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1975 Constitutional Convention Election (NI) - Unionist Party of Northern Ireland (UPNI) Manifesto

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Text: Unionist Party of Northern Ireland (UPNI) ... Page Compiled: Brendan Lynn




"The maintenance of the Union is regarded by the Unionist Party as fundamental to the I preservation of civil and religious liberty and to the future prosperity of Ulster".

"We pledge ourselves to take whatever steps are necessary to defend this position. British citizenship and British citizenship alone can bring to Ulster the benefits the Unionist Party seeks and the community deserves". (Unionist Assembly Manifesto 73, Peace, Order and Good Government.)

We will use all democratic means at our disposal to ensure that Northern Ireland remains within the United Kingdom.

All other decisions we shall take in the light of this, our solemn commitment to preserve the Union, a commitment we inherit from James Craig and Edward Carson.

Our links with Britain are the results of our common ancestry, education, language and history. It is to us an incidental benefit that is is to our economic advantage that we continue to maintain our close relationship with Britain.

There are stresses and strains at times, between Northern Ireland and Great Britain, between Parliament and people, as there are on the ties between the members of any family, but, as in a family, these only serve to temper and to strengthen our bonds, and our resolve to remain British.


"There shall be elected and held in Northern Ireland a Convention for the purpose of considering what provision for the government of Northern Ireland is likely to command the most widespread acceptance throughout the community there". - (N.I. Act 1974 Sec. 2(17)).

"Any pattern of government must be acceptable to the people of the United Kingdom as a whole and to the Parliament at Westminster. Citizenship confers not only rights and privileges but also obligations". - (White Paper Cmnd. 5675, 1974. Par. 45(b)).

"The Constitutional Convention is not a permanent, governmental or legislative body. It is not an Assembly or Parliament. It is a body elected to seek within a specific term an agreed solution to a specific problem". (N.I. Discussion Paper No. 2).

The only matter which can be discussed by the Convention is the pattern of government for Northern Ireland.

The energies of the Unionist Party of Northern Ireland will be directed in the Convention, towards sensible and responsible initiatives to reach such agreement on the form of administration for Ulster which can attract the most widespread acceptance in this Province, and can also commend itself to the British Parliament and people.

We will continue our pursuit of peace, order and good government for Northern Ireland.


"We are convinced that, whatever else may be left open for discussion, there must be a strong regional Parliament and government in Northern Ireland". (Towards the FutureA Unionist Blueprint and Peace, Order and Good Government).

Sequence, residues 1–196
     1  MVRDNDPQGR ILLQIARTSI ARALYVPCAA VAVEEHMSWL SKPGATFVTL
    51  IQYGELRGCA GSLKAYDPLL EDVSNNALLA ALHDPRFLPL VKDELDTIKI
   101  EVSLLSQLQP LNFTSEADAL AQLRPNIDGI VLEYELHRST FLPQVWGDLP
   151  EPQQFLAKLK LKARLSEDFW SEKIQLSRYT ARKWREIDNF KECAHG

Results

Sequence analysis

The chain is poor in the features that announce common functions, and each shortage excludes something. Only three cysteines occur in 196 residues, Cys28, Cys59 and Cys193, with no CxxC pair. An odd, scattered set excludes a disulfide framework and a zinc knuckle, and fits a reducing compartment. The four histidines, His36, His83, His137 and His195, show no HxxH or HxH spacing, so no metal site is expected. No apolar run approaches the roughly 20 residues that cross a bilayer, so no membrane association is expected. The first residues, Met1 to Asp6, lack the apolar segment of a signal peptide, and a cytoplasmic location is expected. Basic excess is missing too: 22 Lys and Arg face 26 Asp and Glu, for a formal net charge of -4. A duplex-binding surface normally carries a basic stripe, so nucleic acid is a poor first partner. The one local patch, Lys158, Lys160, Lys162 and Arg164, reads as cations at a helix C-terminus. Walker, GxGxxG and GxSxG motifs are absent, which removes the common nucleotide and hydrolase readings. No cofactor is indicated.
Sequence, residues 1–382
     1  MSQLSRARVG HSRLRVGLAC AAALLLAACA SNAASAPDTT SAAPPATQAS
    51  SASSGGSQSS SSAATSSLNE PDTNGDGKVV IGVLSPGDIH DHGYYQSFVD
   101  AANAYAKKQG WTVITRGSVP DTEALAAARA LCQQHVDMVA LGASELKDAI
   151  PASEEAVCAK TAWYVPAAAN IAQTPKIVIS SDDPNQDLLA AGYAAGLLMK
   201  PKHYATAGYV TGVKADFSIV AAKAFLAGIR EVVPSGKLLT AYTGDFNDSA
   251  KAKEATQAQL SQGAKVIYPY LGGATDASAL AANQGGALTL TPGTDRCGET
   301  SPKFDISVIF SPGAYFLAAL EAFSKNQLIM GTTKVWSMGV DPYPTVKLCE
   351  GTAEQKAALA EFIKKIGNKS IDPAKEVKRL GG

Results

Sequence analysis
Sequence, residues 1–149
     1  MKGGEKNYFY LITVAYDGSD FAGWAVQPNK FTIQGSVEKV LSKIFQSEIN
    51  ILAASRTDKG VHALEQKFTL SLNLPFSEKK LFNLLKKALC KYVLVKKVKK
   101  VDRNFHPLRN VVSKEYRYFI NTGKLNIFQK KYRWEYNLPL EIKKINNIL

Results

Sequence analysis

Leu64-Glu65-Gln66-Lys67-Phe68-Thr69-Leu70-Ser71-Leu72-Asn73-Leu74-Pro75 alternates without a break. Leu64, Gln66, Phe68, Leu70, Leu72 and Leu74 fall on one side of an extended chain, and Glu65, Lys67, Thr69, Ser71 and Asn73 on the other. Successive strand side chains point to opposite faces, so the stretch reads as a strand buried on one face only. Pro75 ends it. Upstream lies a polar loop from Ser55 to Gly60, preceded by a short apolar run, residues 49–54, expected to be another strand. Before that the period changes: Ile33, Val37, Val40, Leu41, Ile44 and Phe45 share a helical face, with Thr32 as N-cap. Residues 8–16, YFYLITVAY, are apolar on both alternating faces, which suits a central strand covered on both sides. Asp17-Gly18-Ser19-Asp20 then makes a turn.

It is our firm belief that the most acceptable pattern of administration for the people of Northern Ireland is a regional government.

While we can envisage no future outside the United Kingdom, it has now been amply demonstrated that Direct Rule cannot answer the needs of the Province.

This failure stems from the special nature of and diversity of our problems, and from the scarcity of Parliamentary time at Westminster to consider and discuss them.

The re-organised local government of Northern Ireland has been designed for, and is incomplete without, a central administration in the Province.

On this central administration rests the responsibility of overseeing such important functions as Housing and Planning, Roads and the Environment, and the Personal Health and Social Services.

Local Government is only now beginning to recover from the disturbance caused by re-organisation, and the people must not be subjected to another period of frustration and lack of service, such as would follow a further reshaping and re-organisation.

It must however continue to develop, and to integrate with the new pattern of government, to not only give the people a democratic influence on decisions affecting them, but also an efficient service in dealing with day to day problems.


While it would not be proper to seek to limit or to pre-empt the discussions in the Convention, yet there are certain requirements which the U.P.N.I. feels should be met by any proposed pattern of administration.

These are:

1. The form of government recommended by the Convention must not only serve to maintain the position of Northern Ireland within the United Kingdom, but be capable of achieving dignity and standing among the nations of the world.
2. It must so commend itself to the British Parliament and people that they will be prepared to uphold it against criticism and attack.
3. While, of necessity, it must attract widespread support within Northern Ireland, its continuing existence must be safeguarded from the threat of any minority grouping of our people.
4. The administration must have responsibility for R.U.C. which must provide effective policing in every area of Northern Ireland.
5. A new administration must accelerate the development of our existing industry and agriculture, and the establishment of new industries, so that full and profitable employment may be provided for our people.